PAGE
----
“How this part is arranged is therefore central to guiding the entire framework programme,” Gornitzka writes.
Against Khrono, Gornitzka refers to what’s called technology maturity, also known as TRL level, which says something about how far one is in the development process, and how close one is to the market. If consideration of technological maturity becomes dominant, the framework program “will become more of an innovation program than a research program,” Gornitzka believes.
“We need a scientific knowledge base of global challenges and competitive business, which falls under Pillar 2,” she told Khrono.
I will do something about ads
According to Gornitzka, this is a concern they share with other universities with an extensive research base in Europe.
– How do you ensure that?
“Something needs to be done about the advertising in this column,” says the vice-chancellor at UiO.
In input from The Guild, an increase in the number of calls with a low TRL level was called for to ensure a balance between research and innovation.
– More than half of the budget has been allocated to this column, and this is a very large amount, and we also ask that we make room for things that are not mature enough to become a salable technology, says Gornitzka.
In her review, she wrote that “the highly complex problems Europe faces require collaborative projects between different research environments without the need for close-to-market research or research that can be easily and in the short term translated into technological solutions or into policy and regulations.” In the long term, she says, TRL’s low-level projects “can fully pioneer technological innovations and contribute to the system changes necessary to solve global societal challenges.”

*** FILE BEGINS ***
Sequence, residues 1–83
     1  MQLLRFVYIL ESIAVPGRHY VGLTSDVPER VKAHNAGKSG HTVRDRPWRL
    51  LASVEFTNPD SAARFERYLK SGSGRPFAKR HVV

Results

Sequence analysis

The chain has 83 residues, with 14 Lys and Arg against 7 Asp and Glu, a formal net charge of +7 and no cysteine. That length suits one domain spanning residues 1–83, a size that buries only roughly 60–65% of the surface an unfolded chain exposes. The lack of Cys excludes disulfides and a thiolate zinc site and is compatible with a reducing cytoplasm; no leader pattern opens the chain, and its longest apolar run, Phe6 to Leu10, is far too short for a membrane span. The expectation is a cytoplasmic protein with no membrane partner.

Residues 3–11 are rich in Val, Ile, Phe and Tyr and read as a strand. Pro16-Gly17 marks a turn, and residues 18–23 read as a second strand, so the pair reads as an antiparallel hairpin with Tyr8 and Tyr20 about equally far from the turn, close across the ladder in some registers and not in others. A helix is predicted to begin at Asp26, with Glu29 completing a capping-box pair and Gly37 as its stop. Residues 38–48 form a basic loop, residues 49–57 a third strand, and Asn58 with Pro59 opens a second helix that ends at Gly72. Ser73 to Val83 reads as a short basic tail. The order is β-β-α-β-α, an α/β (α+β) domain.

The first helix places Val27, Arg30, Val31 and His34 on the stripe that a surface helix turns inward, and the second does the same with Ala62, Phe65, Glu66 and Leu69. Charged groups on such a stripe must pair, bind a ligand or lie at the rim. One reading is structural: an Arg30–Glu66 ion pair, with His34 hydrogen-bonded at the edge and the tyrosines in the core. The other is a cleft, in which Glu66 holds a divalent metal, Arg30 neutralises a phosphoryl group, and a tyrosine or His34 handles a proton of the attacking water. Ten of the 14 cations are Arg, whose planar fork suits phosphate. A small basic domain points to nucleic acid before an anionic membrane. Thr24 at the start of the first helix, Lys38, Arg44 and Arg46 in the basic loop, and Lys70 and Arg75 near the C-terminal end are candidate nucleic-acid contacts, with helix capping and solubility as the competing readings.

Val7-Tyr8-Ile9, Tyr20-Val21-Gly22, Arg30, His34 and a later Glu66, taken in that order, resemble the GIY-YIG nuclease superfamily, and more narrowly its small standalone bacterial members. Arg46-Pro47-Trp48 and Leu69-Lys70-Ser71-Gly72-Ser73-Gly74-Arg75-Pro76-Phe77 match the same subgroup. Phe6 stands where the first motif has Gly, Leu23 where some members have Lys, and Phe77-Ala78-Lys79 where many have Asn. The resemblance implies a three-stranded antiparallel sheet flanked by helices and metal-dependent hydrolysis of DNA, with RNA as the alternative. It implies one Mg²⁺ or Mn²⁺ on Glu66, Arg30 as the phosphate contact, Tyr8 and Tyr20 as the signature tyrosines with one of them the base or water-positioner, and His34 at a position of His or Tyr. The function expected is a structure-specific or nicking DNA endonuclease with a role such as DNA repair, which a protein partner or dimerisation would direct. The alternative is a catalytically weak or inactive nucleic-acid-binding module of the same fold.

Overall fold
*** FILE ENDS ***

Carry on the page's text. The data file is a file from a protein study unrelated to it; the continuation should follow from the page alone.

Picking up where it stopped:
It will secure a strong ERC
In a tug-of-war over the EU’s long-term budget, the University of Bergen (UiB) has taken the lead in an alliance to support the ERC, in open letter They warned of cuts in research in general and in the ERC in particular.
in his new entries To the direction of the framework program, they also refer to the HR coordinator. UiB President Margaret Hagen tells Chrono that ERC is concerned.
“It is important for us to ensure that the ERC continues to be strong, independent and well funded,” she says.
UiB is also requesting that basic research also become more important in Pillar 2 and, like UiO, is calling for more low-TRL research projects to be made available.
Hagen says they will ensure funding for non-thematic research through the framework program, as well as better inclusion of research-intensive universities in part of the framework program aimed at addressing societal challenges.
“We’re advocating more advertising with less emphasis on application and so-called short-term impact,” says Hagen.
Refers to three basic areas
In the entries, the UiB identifies three core areas for the next few years: democracy, health and climate, and oceans and coasts.
The latter is in line with common position document from UiB and Norce, which were presented during a symposium in Brussels this fall. There they are positioning themselves to increase strategic investment in marine research in the program of work for the last part of Horizon Europe, in the years 2025-27.
“Norwegian representatives are key partners in working to meet EU political guidelines and succeed in ‘blue’ ocean and coastal efforts to achieve the Green Deal,” they wrote, among other things, referring to the EU’s strategy on climate neutrality by 2050.
Another area that Hagen points to as important is legal research. In the memorandum, the university asked for “recognition of the importance of legal research and legal and regulatory innovation.”
They also point out the importance of the humanities and social sciences.
The major societal challenges in Europe cannot be solved without taking into account society, individuals and culture. This is why it is so important that the humanities, social sciences, and legal disciplines feature more in all calls for proposals, Hagen tells Khrono.